Study shows 1918 and 2009 pandemic viruses share key feature

Mar 24, 2010 (CIDRAP News) – Structural similarities between the pandemic flu viruses of 1918 and 2009 may explain older adults' apparent immunity to the newer virus, two scientific teams report today in two journals. Their results may also explain how pandemic viruses evolve into seasonal viruses, and could point the way toward development of future pandemic vaccines.

Writing in Science Express, the online ahead-of-print arm of the journal Science, Ian Wilson and Rui Xu of the Scripps Research Institute and colleagues from Vanderbilt University and Mount Sinai School of Medicine say that the 1918 and 2009 pandemic viruses are antigenically close, with hemagglutinin proteins that share similar crystalline structures. In contrast, the hemagglutinins in 24 seasonal flu strains dating from the 1930s through the 1950s, and 9 seasonal-vaccine strains from 1977 through 2007, differed from the pandemic strains by 30% to 58% of their amino-acid sequences.

The similarity between the two pandemic viruses is unusual, not only because they are separated by so many years, but also because genetic evidence has shown that the 2009 pandemic virus was not brand-new, but had already been circulating in humans—two circumstances that would have been expected to cause the viruses to diversify as they adapted.

The researchers said the unexpected similarity would have allowed the immune systems of those exposed to the 20th century virus to mount a defense against the 21st century one.

"Our findings provide strong evidence that exposure to earlier viruses has helped to provide some people with immunity to the recent influenza pandemic," Wilson, who is Scripps Research Professor, said in a statement.

A second study, published on the website of Science Translational Medicine, adds significant detail to the understanding of the ways in which the two pandemic viruses are like each other and unlike seasonal flu strains.

Through a combination of computer modeling and experimental work, scientists at the National Institutes of Health (NIH) and the Centers for Disease Control and Prevention (CDC) determined that seasonal viruses possess, and the pandemic viruses lacked, a cap or covering of sugar molecules on the head of each organism's hemagglutinin.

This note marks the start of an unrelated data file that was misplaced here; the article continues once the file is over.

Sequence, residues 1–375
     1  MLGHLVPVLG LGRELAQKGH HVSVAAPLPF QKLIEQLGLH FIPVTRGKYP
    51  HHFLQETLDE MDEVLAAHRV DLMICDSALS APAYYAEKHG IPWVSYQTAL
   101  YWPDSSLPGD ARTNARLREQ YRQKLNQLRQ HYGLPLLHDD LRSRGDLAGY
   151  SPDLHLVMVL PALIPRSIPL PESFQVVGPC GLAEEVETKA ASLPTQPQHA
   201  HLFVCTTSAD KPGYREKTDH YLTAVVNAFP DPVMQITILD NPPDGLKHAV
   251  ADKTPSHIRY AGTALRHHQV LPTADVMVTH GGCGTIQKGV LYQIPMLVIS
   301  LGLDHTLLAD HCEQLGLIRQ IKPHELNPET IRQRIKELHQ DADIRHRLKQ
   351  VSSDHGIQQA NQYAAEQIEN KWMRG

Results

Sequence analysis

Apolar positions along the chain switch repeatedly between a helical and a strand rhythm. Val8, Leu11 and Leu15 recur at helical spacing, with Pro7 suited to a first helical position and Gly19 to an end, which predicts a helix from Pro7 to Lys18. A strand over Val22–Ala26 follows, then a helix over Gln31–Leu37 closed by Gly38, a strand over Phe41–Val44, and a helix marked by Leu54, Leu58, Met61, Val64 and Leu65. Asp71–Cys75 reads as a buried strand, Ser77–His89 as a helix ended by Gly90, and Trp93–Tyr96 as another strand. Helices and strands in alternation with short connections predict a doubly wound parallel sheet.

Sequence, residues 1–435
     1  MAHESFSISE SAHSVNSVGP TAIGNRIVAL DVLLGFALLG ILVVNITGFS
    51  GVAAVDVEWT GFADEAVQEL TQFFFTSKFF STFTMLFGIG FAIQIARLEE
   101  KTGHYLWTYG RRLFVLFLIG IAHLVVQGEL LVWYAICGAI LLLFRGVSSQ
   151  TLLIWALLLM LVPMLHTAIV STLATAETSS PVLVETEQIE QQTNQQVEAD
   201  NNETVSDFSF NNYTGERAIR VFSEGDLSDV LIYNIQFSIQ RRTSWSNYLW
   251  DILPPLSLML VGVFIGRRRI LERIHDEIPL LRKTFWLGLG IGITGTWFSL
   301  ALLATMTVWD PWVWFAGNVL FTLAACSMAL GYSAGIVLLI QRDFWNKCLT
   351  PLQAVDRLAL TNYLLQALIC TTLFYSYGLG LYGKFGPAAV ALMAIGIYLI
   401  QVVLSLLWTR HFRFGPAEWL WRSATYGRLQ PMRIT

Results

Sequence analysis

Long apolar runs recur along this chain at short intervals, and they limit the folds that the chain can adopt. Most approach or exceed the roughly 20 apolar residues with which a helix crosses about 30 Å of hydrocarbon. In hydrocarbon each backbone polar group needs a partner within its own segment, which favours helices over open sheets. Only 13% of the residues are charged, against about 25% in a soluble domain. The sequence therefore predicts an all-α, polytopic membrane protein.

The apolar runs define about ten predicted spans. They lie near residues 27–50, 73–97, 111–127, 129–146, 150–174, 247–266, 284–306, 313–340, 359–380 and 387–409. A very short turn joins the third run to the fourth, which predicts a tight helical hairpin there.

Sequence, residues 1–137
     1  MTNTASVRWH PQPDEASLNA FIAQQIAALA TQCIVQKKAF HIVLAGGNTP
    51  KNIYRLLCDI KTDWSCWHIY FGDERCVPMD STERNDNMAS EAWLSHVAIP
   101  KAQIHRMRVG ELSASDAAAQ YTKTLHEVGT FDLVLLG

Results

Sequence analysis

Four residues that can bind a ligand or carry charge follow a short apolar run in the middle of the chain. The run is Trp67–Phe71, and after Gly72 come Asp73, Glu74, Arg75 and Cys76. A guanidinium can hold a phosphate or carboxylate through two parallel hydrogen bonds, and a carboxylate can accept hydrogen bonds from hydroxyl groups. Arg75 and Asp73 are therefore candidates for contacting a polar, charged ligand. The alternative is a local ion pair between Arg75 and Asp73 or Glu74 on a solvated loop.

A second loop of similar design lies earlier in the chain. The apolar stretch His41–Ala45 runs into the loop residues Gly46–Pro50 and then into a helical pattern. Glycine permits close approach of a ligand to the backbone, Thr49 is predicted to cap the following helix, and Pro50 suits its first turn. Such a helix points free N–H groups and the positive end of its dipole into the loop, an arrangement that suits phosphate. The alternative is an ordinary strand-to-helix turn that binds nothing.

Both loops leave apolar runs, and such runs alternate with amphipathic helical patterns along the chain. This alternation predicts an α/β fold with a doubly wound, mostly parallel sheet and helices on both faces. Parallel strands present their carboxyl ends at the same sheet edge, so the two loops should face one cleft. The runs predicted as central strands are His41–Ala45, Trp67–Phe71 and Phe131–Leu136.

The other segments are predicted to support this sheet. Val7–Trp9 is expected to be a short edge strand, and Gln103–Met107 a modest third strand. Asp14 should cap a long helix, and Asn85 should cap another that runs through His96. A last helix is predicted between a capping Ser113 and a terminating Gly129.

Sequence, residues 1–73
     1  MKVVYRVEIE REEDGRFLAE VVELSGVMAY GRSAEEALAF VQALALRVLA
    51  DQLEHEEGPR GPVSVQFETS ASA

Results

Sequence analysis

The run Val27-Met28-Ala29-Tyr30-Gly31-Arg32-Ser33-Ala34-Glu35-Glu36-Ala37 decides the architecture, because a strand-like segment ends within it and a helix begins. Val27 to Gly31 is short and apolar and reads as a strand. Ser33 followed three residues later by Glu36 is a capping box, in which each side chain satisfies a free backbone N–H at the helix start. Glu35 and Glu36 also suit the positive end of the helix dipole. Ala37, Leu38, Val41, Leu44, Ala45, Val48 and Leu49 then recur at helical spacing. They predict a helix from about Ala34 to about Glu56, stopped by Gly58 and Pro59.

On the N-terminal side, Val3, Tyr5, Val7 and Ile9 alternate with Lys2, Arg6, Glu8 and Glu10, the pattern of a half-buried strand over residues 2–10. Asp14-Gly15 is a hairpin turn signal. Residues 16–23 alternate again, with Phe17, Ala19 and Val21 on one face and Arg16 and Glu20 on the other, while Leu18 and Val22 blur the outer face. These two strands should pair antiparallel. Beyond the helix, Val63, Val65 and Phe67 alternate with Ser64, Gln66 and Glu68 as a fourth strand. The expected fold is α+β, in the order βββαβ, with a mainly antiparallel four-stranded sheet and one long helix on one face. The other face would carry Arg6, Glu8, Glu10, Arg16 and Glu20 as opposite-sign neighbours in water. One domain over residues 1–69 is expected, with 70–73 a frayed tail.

Flu viruses acquire those sugars or glycans as a defense against the neutralizing antibodies produced by the human immune system. Among flu strains that circulated between 1977 and 2008, the researchers said, 97.8% had at least one glycan molecule attached to the virus's spike protein, which allows it to infect cells, while 87.8% had two glycan molecules.

But because the 1918 and 2009 pandemic viruses lacked any glycan protection, they were cross-vulnerable to antibodies stimulated in mice by exposure to either virus. When mice were vaccinated with either virus, the 2009 pandemic H1N1 or the reconstructed 1918 H1N1, they developed cross-reactive protection against the other virus as well.

"This is a surprising result," co-author Dr. Gary J. Nabel of NIH's National Institute of Allergy and Infectious Diseases said in a statement. "We wouldn't have expected that cross-reactive antibodies would be generated against viruses separated by so many years."

Through modeling, the researchers found that the 1918 virus would have acquired its glycan additions by the 1940s, illuminating the process and timeline by which a new pandemic virus becomes a milder and more persistent seasonal strain.

In a final experiment, the NIH and CDC researchers added glycan molecules to a 1918 virus, and used it as a vaccine in mice, which they then exposed to the "sugar-free" original 1918 strain. The altered virus conferred protection from the 1918 virus by stimulating the production of antibodies to which the original virus, lacking the sugar shield of later years, was vulnerable.

The researchers suggested that manipulating newly emerged viruses in such a manner could allow for the development of vaccines against future pandemic strains. If such vaccines were deployed, they said, the antibody protection produced could prevent a novel pandemic strain from becoming entrenched enough to evolve into a persistent seasonal flu.

Xu R, Ekiert DC, Krause JC et al. Structural basis of pre-existing immunity to the 2009 H1N1 pandemic influenza virus. Science Express 2010 Mar 24 [Abstract]

Wei C-J, Boyington JC, Dai K et al. Cross-neutralization of 1918 and 2009 influenza viruses: role of glycans in viral evolution and vaccine design. Science Translational Med2010 Mar 24 [Abstract]

See also:

Mar 24 National Institutes of Health press release

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